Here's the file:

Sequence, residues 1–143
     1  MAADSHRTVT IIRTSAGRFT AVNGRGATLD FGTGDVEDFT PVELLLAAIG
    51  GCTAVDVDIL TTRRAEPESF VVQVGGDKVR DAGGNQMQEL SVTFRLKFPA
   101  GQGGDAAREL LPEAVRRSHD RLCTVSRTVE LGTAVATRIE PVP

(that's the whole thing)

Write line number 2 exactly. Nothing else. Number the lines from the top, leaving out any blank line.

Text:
     1  MAADSHRTVT IIRTSAGRFT AVNGRGATLD FGTGDVEDFT PVELLLAAIG